Playing For Change Releases Video For "Three Little Birds"
Tue, 24 May 2011 09:23:33
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In their latest video "Three Little Birds," international music collective Playing For Change presents a rich, moving reinterpretation of Bob Marley's classic. "Three Little Birds" is the first track on their upcoming CD/DVD Songs Around the World, Vol. 2, out on May 31st via Concord/Hear Music.
"One thing we've discovered with Playing for Change: through tragedy comes great art," says founder Mark Johnson. "As a result of the slave trade, African music came to the new world and created the blues, jazz, reggae, samba and more. The sounds that were divided by slavery are now reuniting in this song. 'Three Little Birds' starts with Baaba Maal playing guitar under a banyan tree in Mali and incorporates rhythms and musicians from Jamaica, Brazil and the US, adding much power to the song."
Maal's guitar and vocal phrasing lays down an African groove that's complimented by rhythms from eight Brazilian percussionists, Keb' Mo's Delta blues guitar, trap drummer Courtney "Bam" Diedrick's reggae backbeat and D. Chandrajit's tabla. The tropical feel is intensified by sliding notes from Mamadou Diabate's kora (African harp) that sound similar to the bent notes of the Delta blues.
PFC2: Songs Around the World is a continuation of filmmaker Mark Johnson's journey to blend diverse styles of music from around the globe into powerful performances. The album features an incredible range of nearly 150 musicians from 25 countries including Baaba Maal, Keb Mo, Tinariwen, Stephen Marley and the now legendary Grandpa Elliott to name just a few. What started as one person's dream to connect people through music has developed into an international network of musicians and a global Foundation that works toward building, maintaining and connecting music schools across the globe.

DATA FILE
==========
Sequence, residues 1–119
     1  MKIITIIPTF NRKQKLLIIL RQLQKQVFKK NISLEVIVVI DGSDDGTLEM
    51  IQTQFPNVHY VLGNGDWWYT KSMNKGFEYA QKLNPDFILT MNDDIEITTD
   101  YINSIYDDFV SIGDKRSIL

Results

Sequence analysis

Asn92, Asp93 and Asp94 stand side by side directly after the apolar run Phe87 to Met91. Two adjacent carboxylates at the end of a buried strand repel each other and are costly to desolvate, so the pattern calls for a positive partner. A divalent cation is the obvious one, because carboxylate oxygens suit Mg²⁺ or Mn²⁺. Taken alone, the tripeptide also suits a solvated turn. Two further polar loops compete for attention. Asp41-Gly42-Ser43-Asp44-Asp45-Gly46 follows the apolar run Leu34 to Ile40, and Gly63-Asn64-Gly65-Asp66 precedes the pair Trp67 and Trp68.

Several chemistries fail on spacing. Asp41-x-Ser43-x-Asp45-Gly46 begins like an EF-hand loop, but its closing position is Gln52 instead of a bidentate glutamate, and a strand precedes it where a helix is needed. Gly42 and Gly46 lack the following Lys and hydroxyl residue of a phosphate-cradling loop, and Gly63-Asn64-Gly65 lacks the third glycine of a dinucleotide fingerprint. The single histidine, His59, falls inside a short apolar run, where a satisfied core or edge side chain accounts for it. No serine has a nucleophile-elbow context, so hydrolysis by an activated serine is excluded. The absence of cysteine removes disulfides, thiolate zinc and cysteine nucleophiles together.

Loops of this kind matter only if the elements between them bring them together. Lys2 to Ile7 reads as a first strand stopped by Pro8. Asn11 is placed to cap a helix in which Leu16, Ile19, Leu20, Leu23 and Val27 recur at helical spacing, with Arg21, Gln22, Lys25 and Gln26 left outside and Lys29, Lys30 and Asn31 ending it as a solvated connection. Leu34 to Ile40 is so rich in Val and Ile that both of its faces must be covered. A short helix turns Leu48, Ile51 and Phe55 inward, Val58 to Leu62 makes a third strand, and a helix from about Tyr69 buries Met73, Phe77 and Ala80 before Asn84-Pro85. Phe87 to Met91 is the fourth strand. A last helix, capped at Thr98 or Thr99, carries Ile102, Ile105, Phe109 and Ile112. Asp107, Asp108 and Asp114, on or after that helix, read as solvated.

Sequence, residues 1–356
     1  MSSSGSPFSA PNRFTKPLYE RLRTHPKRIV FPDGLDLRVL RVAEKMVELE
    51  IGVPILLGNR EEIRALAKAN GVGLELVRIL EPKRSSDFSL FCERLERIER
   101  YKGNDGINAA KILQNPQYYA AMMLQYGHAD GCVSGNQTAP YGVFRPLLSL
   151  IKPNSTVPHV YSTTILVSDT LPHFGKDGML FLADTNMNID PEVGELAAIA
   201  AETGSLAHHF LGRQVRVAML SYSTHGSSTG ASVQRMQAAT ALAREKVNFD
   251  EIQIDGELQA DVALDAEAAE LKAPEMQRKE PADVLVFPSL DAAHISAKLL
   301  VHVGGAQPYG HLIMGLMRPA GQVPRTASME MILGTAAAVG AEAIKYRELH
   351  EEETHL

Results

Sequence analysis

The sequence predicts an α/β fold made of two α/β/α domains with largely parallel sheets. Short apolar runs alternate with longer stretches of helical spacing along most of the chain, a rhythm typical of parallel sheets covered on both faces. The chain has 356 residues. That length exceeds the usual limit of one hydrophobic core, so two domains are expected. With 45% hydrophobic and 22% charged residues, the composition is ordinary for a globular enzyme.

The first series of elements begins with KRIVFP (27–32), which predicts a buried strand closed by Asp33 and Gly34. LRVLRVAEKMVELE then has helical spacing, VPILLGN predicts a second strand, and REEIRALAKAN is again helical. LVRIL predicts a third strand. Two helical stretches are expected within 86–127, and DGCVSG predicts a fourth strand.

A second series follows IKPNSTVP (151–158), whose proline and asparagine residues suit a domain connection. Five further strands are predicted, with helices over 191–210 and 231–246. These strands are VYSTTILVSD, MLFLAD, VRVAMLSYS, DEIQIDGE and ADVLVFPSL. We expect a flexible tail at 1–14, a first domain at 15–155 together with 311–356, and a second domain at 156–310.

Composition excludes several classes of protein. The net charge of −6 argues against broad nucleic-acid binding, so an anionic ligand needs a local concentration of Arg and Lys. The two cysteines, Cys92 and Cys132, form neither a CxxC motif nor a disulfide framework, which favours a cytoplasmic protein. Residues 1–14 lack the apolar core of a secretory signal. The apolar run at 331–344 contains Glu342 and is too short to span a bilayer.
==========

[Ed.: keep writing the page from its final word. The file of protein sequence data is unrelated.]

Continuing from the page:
The new album expands upon the project's mission to unite people through music and includes a global mix of cultures and rhythms featuring original songs written for the album, as well as reinterpretations of internationally loved recordings including Bob Marley's "Redemption Song," Stevie Wonder's "Higher Ground" and John Lennon's "Imagine."
Go here to watch.
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